We all come at teaching languages from a particular perspective and with varying experiences, but I have to say that I barely recognise John's assessment.

A bit of context: the communicative approach is said to have a strong and a weak form. The strong form, as I understand it, values near total target language use, little focus on grammar and writing, greater focus on the functions of language. The weak form is the one which many teachers prefer. It still values target language use, but with significant focus on grammatical explanation and written accuracy. It is, if you like, the equivalent of Blair's "third way" in language teaching. You can have your cake and eat it by providing lots of Krashen-style comprehensible input together with a focus on grammatical accuracy and traditional forms of learning and memorisation.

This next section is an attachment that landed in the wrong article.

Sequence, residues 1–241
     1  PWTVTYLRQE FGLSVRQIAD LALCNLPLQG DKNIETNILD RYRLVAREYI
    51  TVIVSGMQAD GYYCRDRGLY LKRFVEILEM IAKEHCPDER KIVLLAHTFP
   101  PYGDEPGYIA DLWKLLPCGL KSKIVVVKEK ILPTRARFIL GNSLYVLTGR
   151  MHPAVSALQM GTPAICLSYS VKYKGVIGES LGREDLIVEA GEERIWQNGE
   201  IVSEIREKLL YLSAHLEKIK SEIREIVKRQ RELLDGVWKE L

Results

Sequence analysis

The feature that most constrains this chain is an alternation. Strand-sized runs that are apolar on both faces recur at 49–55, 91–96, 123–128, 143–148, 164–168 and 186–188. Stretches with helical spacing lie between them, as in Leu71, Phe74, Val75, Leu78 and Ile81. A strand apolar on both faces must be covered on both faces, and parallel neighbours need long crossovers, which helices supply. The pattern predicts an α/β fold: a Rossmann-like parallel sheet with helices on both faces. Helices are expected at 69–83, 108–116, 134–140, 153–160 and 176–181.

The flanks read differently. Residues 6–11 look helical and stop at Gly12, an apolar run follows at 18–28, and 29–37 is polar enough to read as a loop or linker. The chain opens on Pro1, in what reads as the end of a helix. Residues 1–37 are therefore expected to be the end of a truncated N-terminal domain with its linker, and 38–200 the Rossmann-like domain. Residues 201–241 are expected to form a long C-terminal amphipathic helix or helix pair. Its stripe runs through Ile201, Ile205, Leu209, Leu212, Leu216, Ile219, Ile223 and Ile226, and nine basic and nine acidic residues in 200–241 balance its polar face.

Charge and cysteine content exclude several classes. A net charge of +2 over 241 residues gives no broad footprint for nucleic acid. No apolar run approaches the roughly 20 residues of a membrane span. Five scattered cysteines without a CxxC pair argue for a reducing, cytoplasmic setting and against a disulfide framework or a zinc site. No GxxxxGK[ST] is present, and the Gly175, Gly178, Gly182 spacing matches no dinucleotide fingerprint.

I have the feeling, reading what John wrote, that he is really criticising the strong communicative approach, which may have taken hold somewhat in the 1980s. (I recall an awful textbook which was widely sold at the time called Avantage, which focused relatively little on grammar, more on "functions" and "notions" in language. It was hard to use in class forced the teacher into using too much English.) I have read some research which suggested that pupils were put off languages by teachers using the communicative approach. Perhaps it was done badly, just as grammar-translation was often done badly. I hope that few teachers these days stand by an extreme form of the communicative approach, endeavouring to explain and practise grammar and writing where appropriate.